Bottom: Staff at Ule’s Yuhang district warehouse, which has moved to a bigger site three times in two years

Top: Lou Wener gives villagers access to thousands of additional online goods via the postman

Bottom: Han Guo Min in his store, which brings in the equivalent of ÂŁ800 daily, despite being outside the city

Left: Chen Qing, Ule chairman and China Post general manager, photographed by WIRED in Beijing


It’s China IP. Internet companies are copying us.” Chen Qing, founding member and chairman of Ule, as well as China Post’s general manager in the province, is explaining over a lunch that includes snake soup (like bony white fish, actually) how he’s modernising a million-person, 150-year-old enterprise that stretches from a postal savings bank to insurance. “Ule is a major weapon, a catalyst, for China Post renewal,” Chen, 50,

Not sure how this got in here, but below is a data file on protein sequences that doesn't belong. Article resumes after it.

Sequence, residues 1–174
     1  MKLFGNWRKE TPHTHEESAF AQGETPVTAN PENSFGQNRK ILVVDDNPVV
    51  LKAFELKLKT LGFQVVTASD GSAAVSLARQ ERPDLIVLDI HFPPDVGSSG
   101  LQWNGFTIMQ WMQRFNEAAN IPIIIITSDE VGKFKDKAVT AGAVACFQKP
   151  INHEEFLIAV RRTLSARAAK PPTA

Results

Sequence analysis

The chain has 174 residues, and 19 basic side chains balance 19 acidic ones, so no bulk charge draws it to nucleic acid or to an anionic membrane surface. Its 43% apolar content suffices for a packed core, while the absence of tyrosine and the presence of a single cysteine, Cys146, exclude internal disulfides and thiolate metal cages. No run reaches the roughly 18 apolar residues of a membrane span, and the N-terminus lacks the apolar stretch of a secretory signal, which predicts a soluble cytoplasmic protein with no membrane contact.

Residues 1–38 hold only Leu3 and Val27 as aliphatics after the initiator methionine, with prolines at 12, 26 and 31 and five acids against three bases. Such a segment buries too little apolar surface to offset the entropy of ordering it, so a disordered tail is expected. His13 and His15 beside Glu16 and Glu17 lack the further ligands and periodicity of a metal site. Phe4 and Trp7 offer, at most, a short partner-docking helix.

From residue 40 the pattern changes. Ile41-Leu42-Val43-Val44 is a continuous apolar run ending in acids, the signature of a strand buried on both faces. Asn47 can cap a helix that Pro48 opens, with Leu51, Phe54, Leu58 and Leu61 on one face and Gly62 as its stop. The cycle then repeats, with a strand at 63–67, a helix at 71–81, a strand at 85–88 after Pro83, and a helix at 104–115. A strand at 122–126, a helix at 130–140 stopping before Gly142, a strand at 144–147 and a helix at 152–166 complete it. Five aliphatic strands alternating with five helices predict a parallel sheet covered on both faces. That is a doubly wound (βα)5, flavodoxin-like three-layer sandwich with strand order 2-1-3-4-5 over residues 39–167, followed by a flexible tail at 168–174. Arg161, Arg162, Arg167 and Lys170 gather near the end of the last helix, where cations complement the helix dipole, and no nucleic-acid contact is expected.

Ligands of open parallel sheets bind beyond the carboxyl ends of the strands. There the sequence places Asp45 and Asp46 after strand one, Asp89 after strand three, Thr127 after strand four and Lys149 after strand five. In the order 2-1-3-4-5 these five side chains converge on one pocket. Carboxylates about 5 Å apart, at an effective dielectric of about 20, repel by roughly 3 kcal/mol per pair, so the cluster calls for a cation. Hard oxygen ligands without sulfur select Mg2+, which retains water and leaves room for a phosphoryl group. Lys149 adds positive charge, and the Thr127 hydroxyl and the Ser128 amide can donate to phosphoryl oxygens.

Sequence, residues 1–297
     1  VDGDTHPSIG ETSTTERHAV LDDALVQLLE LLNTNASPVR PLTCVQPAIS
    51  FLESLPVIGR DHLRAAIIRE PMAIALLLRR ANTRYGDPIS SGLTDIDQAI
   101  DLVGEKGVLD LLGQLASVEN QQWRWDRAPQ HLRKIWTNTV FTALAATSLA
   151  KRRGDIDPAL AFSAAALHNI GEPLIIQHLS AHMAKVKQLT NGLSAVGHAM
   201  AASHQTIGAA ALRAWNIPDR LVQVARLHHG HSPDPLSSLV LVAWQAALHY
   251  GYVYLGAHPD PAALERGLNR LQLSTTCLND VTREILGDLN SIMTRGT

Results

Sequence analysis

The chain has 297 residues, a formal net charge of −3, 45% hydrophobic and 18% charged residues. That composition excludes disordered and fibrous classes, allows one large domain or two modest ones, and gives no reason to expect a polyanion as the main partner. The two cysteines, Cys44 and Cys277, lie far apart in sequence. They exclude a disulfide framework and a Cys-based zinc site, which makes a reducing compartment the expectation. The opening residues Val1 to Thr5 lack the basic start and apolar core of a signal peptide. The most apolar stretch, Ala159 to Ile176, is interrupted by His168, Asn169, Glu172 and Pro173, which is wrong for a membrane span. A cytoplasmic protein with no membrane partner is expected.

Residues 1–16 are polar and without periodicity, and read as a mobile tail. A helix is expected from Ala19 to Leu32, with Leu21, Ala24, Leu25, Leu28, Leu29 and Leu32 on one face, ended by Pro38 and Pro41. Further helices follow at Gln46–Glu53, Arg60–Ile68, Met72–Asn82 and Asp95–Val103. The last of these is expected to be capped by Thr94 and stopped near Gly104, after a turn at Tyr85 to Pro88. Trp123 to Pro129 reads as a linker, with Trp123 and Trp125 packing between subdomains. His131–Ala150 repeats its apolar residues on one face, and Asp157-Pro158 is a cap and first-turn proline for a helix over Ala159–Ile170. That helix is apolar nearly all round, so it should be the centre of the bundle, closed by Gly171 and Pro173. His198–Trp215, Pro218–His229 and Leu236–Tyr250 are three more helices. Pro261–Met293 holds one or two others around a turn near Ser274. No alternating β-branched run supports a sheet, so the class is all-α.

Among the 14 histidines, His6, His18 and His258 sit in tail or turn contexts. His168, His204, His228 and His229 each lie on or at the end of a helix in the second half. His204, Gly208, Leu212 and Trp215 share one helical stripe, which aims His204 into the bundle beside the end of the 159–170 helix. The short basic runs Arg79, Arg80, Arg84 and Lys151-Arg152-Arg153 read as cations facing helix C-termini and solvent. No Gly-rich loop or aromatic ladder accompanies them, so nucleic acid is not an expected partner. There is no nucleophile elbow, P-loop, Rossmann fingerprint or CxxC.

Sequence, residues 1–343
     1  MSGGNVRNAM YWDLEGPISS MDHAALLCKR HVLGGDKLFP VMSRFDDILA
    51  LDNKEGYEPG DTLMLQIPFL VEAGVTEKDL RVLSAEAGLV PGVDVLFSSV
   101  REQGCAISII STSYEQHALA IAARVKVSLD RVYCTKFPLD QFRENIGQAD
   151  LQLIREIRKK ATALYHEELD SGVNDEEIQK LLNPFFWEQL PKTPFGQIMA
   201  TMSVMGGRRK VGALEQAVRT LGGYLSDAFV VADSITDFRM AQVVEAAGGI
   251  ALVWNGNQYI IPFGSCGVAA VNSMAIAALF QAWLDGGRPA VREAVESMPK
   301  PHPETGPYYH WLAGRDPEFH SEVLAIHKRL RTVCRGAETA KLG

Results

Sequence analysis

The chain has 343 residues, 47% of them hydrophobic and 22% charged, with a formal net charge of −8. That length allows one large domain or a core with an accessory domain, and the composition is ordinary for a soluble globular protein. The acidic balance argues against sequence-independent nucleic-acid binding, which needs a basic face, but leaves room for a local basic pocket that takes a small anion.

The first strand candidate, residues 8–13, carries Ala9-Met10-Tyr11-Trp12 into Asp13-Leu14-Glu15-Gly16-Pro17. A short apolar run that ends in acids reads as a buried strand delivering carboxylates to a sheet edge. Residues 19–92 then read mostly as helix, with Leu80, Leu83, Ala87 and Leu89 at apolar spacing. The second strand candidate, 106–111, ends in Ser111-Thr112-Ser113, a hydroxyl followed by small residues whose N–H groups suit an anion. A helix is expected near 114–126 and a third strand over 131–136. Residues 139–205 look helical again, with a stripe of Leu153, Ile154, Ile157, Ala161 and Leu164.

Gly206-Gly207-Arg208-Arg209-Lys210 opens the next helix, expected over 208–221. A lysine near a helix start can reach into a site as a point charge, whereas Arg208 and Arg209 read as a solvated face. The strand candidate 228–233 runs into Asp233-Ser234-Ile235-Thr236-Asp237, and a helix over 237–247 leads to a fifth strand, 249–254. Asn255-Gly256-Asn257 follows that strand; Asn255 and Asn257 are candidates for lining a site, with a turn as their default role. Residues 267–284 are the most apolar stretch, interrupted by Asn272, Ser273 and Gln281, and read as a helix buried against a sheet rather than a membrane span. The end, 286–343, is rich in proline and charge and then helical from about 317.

continues. “To change a culture, you need to use innovative tech and a market-driven mindset. Our parcel business has grown 450 per cent in this province because of Ule. Now I demand at least 100 per cent growth every year. I’ve been with China Post for 20 years. I’ve never failed. I won’t fail this one.” Zhejiang province was chosen as the test bed for Ule because it’s an established e-commerce hub: Alibaba is based in Hangzhou, as are more than a third of China’s e-commerce sites, according to the Hangzhou Daily. And now, Chen says, it’s ready to roll out nationally – with central- and regionalgovernment backing. “The government is endorsing Ule, to back its rural policy, for instance, subsidising the capex of each store to upgrade computers and encouraging farmers to list produce on Ule,” he explains. “Seventy per cent of the population is rural and there are lots of gaps: how do rural people get quality goods? How do farmers sell back to cities efficiently? Then there’s information asymmetry. If you harvest when everyone else is, your price can collapse. China Post is the only entity in China that has complete coverage down to the last mile. We want to use tech to solve those problems.” Plus, of course, it’s very good for business to reinvent China Post as the backbone of a national retail-commerce transport network. “The main China Post business gets a significant uplift, with boosts to the financial business and the logistics business,” Chen explains. “Our transactions on Ule will soon exceed 200 billion RMB. The farmers get more business, which creates more logistics volume for us and more cash on deposit for the postal bank. In 2015, the postal bank had 150 billion RMB in cash deposits. In 2016, it was 200 billion. Ule has contributed half of that growth.” In 2017, he says, the goal is to connect 500,000 rural stores. “After that, the next 500,000 will be urban. Imagine anyone in a city being able to order organic greens from farmers via Ule. We have cold storage – so we’ll deliver to the neighbourhood shop in the city. And think of the benefit to the farmer.” In the city today, Chen explains, ginger is selling for 6RMB per half a kilo, of which the farmer gets 1.5RMB. “We will pay the farmer 3RMB and then sell it on Ule for 4.5RMB. China Post provides the lending capital, Ule provides sales and we all share the profit.”